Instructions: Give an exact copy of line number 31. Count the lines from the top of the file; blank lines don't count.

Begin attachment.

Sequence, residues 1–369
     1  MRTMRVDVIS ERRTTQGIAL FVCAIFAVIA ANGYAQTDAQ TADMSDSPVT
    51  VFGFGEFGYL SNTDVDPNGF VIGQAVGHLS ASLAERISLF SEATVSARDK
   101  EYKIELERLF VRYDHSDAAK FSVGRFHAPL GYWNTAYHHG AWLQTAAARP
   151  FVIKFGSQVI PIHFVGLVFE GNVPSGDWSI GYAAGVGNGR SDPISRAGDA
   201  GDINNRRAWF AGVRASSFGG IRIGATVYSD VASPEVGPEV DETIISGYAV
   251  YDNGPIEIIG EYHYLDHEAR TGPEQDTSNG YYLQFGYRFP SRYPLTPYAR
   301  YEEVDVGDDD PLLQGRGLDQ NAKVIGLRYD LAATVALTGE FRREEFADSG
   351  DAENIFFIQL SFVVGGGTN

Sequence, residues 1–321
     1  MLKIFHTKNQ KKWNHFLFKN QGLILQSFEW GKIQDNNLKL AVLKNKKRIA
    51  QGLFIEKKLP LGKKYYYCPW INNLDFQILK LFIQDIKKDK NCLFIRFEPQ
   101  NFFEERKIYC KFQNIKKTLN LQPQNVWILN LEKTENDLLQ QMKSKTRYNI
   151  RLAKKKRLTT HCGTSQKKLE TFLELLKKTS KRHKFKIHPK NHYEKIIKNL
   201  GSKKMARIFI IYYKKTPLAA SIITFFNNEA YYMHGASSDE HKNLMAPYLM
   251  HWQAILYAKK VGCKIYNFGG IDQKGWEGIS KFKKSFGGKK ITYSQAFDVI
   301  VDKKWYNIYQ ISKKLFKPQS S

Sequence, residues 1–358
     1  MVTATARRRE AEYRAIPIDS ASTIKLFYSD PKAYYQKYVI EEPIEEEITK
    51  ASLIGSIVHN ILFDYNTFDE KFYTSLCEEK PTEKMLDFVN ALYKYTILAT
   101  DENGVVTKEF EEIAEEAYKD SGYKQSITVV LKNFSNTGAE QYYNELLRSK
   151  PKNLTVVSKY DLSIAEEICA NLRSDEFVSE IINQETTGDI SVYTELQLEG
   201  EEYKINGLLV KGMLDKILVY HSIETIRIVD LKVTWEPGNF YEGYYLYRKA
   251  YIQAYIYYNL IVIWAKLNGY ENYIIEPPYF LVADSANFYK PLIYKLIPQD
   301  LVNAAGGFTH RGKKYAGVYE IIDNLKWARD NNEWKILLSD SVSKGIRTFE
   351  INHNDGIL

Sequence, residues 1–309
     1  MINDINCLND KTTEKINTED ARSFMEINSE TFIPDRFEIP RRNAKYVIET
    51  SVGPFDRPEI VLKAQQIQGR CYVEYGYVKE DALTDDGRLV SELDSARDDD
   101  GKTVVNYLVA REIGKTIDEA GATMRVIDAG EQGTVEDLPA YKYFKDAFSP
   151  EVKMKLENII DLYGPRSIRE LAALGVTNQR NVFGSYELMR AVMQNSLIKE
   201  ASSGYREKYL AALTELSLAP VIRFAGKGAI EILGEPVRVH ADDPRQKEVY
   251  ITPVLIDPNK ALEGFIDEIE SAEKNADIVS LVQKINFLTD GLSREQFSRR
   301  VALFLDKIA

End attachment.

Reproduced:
   151  EVKMKLENII DLYGPRSIRE LAALGVTNQR NVFGSYELMR AVMQNSLIKE